Representations of Scientific Rationality

Contemporary Formal Philosophy of Science in Spain

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Edited by Andoni Ibarra and Thomas Mormann

Epistemology and History

Humanities as a Philosophical Problem and Jerzy Kmita’s Approach to it

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Edited by Anna Zeidler-Janiszewska

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Henry Jansen

Classical theism, the dominant tradition in Christian theology, has stressed the metaphysical concept of God, i.e., God's ontological transcendence and independence from the world. In this century, however, this concept of God has increasingly met with criticism. On the basis of the Bible and new philosophical considerations, it is argued that a relational concept of God better answers the fundamental concerns of the Christian faith. In this book the author investigates the questions of whether one can conceive of God apart from the metaphysical attributes and whether reflection on the biblical depiction of God leads necessarily to a relational concept of God. The author explores the questions by examining the relational concepts of God found in two contemporary German theologians, Jürgen Moltmann and Wolfhart Pannenberg, and uses the divine attribute of immutability as a focus for the discussion. He argues that the relational concept of God presupposes another metaphysical conception of God, which raises problems as serious as those in classical theism, and that the Bible itself, because of its nature as a narrative text, is ambiguous in many respects as far as God is concerned. A truly Christian doctrine of God must take both the metaphysical and relational aspects of God into account.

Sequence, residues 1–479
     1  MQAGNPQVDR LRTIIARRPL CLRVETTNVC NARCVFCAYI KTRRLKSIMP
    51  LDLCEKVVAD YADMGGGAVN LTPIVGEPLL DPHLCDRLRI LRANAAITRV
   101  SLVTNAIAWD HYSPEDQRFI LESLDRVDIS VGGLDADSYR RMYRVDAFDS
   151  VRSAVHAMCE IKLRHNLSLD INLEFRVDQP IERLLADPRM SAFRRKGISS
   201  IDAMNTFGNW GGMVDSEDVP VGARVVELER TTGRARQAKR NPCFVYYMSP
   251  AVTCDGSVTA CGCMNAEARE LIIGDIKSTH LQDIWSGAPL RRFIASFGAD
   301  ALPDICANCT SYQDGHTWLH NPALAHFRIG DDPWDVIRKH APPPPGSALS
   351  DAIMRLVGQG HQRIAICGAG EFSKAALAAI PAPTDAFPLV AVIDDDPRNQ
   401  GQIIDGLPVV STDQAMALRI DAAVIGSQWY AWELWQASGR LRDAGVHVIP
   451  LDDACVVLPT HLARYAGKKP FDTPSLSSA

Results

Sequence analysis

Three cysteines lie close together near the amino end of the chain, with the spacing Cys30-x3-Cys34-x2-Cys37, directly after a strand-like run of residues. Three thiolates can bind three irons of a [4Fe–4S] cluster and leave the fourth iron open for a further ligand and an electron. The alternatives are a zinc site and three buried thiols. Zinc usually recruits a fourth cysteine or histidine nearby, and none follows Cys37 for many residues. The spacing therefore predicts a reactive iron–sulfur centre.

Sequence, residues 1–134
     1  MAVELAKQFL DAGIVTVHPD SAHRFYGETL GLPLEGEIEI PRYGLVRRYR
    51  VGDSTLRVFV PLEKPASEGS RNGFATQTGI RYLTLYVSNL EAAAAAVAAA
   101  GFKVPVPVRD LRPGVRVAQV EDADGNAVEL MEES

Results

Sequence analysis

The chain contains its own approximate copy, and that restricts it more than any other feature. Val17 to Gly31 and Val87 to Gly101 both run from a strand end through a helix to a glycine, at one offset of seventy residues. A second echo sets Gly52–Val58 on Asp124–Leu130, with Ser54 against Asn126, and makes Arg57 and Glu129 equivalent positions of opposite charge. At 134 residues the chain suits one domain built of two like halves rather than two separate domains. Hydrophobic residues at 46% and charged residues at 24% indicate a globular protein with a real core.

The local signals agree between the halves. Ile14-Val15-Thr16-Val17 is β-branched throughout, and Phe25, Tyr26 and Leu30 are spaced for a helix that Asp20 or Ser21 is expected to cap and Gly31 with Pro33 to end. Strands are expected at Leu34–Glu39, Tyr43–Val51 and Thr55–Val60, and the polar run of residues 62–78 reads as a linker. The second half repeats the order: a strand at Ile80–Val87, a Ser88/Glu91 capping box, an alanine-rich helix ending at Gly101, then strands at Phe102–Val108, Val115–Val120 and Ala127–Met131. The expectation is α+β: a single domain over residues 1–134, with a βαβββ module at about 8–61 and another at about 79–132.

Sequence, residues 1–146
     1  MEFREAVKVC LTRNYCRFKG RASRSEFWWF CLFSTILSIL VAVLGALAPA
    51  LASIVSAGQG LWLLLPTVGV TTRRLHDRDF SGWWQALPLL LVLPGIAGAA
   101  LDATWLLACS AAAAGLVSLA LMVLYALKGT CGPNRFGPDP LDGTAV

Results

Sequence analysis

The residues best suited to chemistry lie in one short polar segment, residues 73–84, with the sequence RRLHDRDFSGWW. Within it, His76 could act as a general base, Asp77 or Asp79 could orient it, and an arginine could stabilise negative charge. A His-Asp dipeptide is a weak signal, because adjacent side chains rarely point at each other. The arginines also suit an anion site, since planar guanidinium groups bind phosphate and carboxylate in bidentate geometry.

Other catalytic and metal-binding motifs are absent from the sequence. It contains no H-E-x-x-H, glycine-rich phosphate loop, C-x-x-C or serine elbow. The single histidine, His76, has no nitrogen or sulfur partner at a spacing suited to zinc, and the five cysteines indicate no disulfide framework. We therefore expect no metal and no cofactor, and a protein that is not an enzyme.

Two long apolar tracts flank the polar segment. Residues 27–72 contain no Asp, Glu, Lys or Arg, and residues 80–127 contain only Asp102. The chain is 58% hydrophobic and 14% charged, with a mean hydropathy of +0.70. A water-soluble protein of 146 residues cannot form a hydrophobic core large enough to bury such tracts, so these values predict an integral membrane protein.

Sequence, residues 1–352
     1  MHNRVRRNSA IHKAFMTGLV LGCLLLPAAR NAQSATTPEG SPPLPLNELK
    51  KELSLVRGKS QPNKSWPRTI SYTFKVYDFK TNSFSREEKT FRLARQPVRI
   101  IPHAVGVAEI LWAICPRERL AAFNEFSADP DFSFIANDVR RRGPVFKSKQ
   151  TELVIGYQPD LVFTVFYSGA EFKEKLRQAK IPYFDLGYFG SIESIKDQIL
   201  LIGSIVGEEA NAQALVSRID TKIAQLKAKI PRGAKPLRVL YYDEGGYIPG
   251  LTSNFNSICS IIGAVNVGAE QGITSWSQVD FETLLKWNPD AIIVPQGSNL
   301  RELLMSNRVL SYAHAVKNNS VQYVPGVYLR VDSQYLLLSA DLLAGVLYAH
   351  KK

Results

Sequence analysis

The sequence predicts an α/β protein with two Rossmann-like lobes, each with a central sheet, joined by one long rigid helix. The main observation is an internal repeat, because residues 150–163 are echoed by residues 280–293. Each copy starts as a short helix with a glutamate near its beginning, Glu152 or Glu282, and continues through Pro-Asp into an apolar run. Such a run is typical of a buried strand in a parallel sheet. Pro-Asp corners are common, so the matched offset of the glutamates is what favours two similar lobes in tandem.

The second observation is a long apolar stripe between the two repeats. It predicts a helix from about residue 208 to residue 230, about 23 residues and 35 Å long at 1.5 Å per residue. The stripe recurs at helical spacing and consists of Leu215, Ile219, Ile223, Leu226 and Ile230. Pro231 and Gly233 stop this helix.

Knowledge, Society and Reality

Problems of the social Analysis of Knowledge and Scientific Realism

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Leon Olivé